Warrior web closer to making its performance-improving suit a reality

Aug 23, 2013
DARPA’s Warrior Web program seeks to create a soft, lightweight under-suit that would help reduce injuries and fatigue and improve Soldiers’ ability to efficiently perform their missions.

Of the many risks dismounted Soldiers face in the field, one of the most common is injury from carrying their gear—often topping 100 pounds—for extended periods over rough terrain. Heavy loads increase the likelihood of musculoskeletal injury and also exacerbate fatigue, which contributes to both acute and chronic injury and impedes Soldiers' physical and cognitive abilities to perform mission-oriented tasks. To help address these challenges, DARPA seeks performers for the last phase of its Warrior Web program.

Warrior Web aims to develop a soft, lightweight undersuit that would help reduce injuries and fatigue and improve Soldiers' ability to efficiently perform their missions. The garment would protect injury-prone areas and promote efficient and safe movement over a wide range of activities (walking, running, jumping, crawling, etc.). Comfortable, durable and washable, the would not interfere with or other standard clothing and gear. DARPA seeks to create a working prototype that significantly boosts endurance, carrying capacity and overall Soldier effectiveness—all while using no more than 100 watts of power.

"Many of the individual technologies currently under development show real promise to reduce injury and fatigue and improve endurance," said LTC Joseph Hitt, DARPA program manager for Warrior Web. "Now we're aiming to combine them—and hopefully some new ones, too—into a single system that nearly every Soldier could wear and would provide decisive benefits under real-world conditions."

The program's successes to date have resulted from development efforts funded under Warrior Web Task A: Warrior Web Alpha. These efforts have focused on developing a mix of core component technologies worn at the , hips, knees and upper body. Task A performers have been exploring ways to directly mitigate factors that cause injury, as well as reduce physical burdens by augmenting the work done by Soldiers' own muscles. Component systems within Task A include methods for rapid joint stabilization, functional structures, energy injection, regenerative kinetics, load transfer and distribution, and flexible kinetic and kinematic sensing.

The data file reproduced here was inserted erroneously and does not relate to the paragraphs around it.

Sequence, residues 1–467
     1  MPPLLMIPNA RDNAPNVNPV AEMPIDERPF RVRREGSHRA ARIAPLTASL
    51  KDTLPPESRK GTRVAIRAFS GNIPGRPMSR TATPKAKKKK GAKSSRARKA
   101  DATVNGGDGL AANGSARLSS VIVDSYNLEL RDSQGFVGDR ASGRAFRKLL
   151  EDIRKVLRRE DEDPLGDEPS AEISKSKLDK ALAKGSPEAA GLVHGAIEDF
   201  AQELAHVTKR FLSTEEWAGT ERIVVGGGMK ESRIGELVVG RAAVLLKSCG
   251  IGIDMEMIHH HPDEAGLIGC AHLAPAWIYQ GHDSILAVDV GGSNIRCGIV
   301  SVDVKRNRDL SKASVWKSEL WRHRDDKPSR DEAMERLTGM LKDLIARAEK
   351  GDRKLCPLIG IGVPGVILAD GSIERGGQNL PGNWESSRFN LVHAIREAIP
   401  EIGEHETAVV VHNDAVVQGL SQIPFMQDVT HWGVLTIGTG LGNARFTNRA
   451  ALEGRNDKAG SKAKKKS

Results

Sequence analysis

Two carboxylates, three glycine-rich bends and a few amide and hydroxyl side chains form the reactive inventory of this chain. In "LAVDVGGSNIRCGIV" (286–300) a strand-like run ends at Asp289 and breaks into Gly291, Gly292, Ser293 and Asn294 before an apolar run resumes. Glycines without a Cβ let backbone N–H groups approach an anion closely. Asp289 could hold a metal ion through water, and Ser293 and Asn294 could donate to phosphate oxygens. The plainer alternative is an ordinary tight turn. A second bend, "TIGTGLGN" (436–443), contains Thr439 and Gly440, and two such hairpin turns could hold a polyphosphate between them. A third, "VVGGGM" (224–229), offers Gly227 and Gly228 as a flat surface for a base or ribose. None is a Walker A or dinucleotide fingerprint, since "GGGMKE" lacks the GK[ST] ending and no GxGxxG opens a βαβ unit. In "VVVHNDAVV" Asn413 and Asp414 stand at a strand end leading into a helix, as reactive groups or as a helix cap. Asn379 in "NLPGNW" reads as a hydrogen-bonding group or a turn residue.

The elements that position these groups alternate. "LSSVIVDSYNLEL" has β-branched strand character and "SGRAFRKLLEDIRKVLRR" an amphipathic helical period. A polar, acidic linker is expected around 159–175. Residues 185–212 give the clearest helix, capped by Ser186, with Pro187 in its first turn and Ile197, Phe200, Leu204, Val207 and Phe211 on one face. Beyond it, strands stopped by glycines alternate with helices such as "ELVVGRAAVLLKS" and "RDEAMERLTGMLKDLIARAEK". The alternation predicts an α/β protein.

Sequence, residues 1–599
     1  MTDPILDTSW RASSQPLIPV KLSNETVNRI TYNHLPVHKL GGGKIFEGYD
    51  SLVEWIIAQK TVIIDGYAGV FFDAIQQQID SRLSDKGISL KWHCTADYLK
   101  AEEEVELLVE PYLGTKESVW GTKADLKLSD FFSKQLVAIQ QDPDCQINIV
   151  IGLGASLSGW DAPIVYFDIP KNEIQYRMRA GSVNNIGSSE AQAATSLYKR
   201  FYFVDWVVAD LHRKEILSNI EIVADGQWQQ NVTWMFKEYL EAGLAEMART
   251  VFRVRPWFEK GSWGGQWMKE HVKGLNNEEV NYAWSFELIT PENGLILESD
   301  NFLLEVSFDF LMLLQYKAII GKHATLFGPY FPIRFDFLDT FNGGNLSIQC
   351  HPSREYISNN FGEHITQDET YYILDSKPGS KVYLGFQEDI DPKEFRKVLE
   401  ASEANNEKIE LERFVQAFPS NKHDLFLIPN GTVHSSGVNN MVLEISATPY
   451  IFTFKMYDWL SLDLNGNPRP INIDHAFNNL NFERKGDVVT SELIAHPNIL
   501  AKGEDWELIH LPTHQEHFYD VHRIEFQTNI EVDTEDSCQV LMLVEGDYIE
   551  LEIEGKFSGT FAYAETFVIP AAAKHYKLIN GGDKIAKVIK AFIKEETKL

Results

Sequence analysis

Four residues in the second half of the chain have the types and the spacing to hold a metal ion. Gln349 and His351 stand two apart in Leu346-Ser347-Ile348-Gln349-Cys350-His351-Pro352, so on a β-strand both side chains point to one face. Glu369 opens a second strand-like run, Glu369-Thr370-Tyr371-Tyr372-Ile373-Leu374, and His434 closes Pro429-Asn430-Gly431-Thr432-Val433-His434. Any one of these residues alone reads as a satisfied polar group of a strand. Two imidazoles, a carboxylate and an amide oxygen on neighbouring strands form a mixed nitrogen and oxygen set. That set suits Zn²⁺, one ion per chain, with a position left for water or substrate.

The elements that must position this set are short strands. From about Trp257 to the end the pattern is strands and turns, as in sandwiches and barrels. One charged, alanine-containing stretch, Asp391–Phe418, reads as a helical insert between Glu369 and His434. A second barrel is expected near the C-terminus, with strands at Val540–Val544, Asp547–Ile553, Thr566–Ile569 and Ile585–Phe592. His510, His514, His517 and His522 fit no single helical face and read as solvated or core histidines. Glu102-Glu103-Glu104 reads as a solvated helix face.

The program's next phase, Warrior Web Task B: Advanced Technology Development, aims to leverage Task A component technology investments and further advance the development of a fully integrated undersuit system. DARPA now seeks ideas and technical proposals for how to best develop and implement the Warrior Web system.

DARPA has scheduled a Warrior Web Task B Proposers' Day for potential performers on Thursday, Sept. 5, 2013. The Special Notice for the Proposers' Day is available at go.usa.gov/jJjT and more information is available here. The Broad Agency Announcement (BAA) for Warrior Web Task B is available at go.usa.gov/jJbR.

DARPA seeks proposals in the following technology areas:

  • Integrated advanced control systems across multiple joints
  • Materials, fabrics, structures, sensors, sensor interfaces and human factors associated with developing conforming, assistive wearable technologies
  • Technologies that significantly reduce the potential for acute or chronic injury of a wearer under typical warfighter mission profile situations
  • Technologies that increase physical capabilities and/or endurance of humans during activities such as running, lifting, climbing, carrying a load, marksmanship, etc.
  • Additional assistive wearable technologies for rehabilitation, physical therapy or those intended to help improve quality of life for the aging population

Proposers may submit a point solution technology that addresses a single technology area or an integrated technology solution or suit that addresses multiple areas. Proposals are due at 4 p.m. EDT on Thursday, October 3, 2013.

Explore further: Researchers use passive UHF RFID tags to detect how people interact with objects

More information: www.darpa.mil/Our_Work/DSO/Programs/Warrior_Web.aspx

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